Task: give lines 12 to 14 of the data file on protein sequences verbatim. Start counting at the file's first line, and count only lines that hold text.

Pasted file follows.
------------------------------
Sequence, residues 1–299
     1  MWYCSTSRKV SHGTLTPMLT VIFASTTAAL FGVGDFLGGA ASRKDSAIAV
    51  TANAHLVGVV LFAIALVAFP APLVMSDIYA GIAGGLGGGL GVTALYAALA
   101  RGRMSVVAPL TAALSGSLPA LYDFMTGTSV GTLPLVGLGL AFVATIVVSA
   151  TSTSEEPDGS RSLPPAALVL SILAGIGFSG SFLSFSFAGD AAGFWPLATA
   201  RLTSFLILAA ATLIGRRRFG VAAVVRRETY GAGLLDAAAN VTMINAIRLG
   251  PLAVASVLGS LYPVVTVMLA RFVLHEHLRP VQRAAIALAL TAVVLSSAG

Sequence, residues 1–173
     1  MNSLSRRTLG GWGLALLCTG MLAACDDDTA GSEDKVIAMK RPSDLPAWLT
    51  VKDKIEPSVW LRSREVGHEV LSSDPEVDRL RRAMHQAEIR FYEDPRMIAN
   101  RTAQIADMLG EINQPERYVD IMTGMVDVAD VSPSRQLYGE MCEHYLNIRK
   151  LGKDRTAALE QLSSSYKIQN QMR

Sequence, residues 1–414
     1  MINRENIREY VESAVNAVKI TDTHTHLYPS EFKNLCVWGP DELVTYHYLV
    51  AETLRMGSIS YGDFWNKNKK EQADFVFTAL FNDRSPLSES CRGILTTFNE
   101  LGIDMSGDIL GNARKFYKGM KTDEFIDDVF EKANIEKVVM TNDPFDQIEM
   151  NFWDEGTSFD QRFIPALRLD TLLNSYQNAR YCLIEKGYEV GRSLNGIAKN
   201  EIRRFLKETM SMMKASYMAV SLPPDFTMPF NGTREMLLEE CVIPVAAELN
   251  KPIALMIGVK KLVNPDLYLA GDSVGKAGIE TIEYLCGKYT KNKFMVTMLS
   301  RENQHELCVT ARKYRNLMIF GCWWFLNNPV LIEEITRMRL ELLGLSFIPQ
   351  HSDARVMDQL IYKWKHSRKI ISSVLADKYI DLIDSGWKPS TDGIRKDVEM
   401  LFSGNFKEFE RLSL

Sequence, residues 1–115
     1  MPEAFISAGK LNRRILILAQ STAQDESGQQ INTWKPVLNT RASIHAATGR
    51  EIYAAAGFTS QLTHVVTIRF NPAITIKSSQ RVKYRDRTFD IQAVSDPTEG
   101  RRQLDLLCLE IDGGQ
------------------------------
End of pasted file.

   151  LGKDRTAALE QLSSSYKIQN QMR

Sequence, residues 1–414
     1  MINRENIREY VESAVNAVKI TDTHTHLYPS EFKNLCVWGP DELVTYHYLV